Social e-Commerce: What You Need to Know

This is probably a familiar scenario: you’re looking at Facebook or Instagram, and you notice a post from one of your friends which prominently features his latest purchase. Let’s say your friend Jack has just bought a pair of noise-cancelling wireless headphones. You might have been thinking about getting a pair for yourself for months– your commute on the subway is so loud, you can barely hear your music. Jack’s purchase has inspired you, so you open up a new browser tab, search for the headphone brand he just bought, and identify the best deal on them. From there, you’re a few clicks away from those headphones being in your mailbox next week.

The example above is an illustration of social e-commerce. “Social e-commerce” refers to shopping on the Internet which is inspired by the purchases of your social network connections. A purchase might also take place on group shopping sites. Group shopping sites sell discounted goods and services, but only if a certain number of people commit to buying them. Let’s go back to the example of Jack. You and Jack frequently use Groupon. One day, you’re browsing Groupon for the best deals, and you see that Jack has bought a package for a sushi dinner at one of the hottest places in town. You think about how much you love sushi, and how much you enjoy a good deal. Luckily for you, there are still packages left for purchase on Groupon.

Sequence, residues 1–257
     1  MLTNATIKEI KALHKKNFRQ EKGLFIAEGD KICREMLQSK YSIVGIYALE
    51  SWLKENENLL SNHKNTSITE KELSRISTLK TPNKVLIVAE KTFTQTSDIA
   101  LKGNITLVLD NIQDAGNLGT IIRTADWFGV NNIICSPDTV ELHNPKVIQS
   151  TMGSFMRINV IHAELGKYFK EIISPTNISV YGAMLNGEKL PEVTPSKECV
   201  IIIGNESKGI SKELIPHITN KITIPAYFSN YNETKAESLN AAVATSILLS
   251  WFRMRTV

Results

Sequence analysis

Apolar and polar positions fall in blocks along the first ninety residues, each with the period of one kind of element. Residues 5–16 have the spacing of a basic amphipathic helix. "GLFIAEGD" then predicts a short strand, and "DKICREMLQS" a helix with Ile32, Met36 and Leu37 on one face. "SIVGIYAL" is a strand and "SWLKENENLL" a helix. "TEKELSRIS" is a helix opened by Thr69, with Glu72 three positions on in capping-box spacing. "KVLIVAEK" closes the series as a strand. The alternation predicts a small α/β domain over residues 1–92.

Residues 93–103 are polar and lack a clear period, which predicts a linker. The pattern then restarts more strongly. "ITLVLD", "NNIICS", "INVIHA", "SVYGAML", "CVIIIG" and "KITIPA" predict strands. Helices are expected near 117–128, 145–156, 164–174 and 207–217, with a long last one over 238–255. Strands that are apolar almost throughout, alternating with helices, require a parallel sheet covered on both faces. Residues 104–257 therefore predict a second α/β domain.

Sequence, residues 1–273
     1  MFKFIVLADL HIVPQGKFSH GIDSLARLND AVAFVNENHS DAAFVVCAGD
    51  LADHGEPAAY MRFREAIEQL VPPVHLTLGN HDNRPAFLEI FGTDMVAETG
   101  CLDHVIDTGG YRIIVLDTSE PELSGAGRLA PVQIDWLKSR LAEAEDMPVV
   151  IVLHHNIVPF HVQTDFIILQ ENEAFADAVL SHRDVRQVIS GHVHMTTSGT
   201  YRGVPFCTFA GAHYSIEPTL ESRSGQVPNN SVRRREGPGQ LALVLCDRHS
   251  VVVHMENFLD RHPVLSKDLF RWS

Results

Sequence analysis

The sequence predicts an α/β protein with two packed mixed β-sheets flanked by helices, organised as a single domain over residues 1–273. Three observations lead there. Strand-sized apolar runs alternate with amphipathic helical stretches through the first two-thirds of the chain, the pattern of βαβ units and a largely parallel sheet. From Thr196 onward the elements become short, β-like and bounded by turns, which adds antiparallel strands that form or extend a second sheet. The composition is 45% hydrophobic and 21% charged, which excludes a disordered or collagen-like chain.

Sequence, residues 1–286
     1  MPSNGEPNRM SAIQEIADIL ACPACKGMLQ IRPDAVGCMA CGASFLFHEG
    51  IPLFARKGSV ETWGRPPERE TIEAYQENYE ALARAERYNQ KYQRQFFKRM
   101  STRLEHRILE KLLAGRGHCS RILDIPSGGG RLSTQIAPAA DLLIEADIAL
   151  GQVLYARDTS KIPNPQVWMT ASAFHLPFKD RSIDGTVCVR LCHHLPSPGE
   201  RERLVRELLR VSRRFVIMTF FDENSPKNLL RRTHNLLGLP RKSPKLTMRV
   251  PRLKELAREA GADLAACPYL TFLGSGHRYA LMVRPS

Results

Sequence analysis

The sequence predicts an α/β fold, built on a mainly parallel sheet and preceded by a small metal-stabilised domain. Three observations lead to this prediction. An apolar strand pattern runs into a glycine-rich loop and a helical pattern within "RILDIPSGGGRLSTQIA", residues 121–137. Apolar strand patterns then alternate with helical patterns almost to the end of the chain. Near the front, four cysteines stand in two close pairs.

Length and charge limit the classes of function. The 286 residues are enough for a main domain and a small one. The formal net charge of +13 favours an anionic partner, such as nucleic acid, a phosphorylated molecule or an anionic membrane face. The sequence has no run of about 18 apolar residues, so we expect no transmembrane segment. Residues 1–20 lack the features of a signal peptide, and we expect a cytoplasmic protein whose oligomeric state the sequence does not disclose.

Social e-commerce is also known as social shopping and social commerce. It shouldn’t be a surprising phenomenon, as a study carried out in January 2015 revealed that the average social media user logs 1.72 hours per day on social media platforms. That number represents about 28% of all online activity.

That statistic, as well as anecdotal evidence, has led Google, Pinterest, Twitter, Facebook and Instagram to announce the addition of “buy” buttons to posts featuring products. It’s great news for social shoppers, but don’t expect smooth sailing ahead for either the social media sites or for e-tailers. For starters, Facebook and the like are going to need to integrate inventory and payment systems of many different vendors. Secondly, social media sites (and the search engine giant Google) will have to convince users to buy through their platforms. Although people might be excited about the idea, they might not trust their credit card information to the same site on which people constantly post pictures of cats. Thirdly, vendors will become less interested in partnering with social media sites if it means that consumers don’t buy many items at once. It’s not profitable for retailers to sell one item at a time, especially if it’s not expensive.

In spite of the challenges, social e-commerce will continue to gain traction because of social media’s role in our lives. As long as people are posting pictures of their latest headphones, their friends will want to know where they got them, and how they can get them, too.

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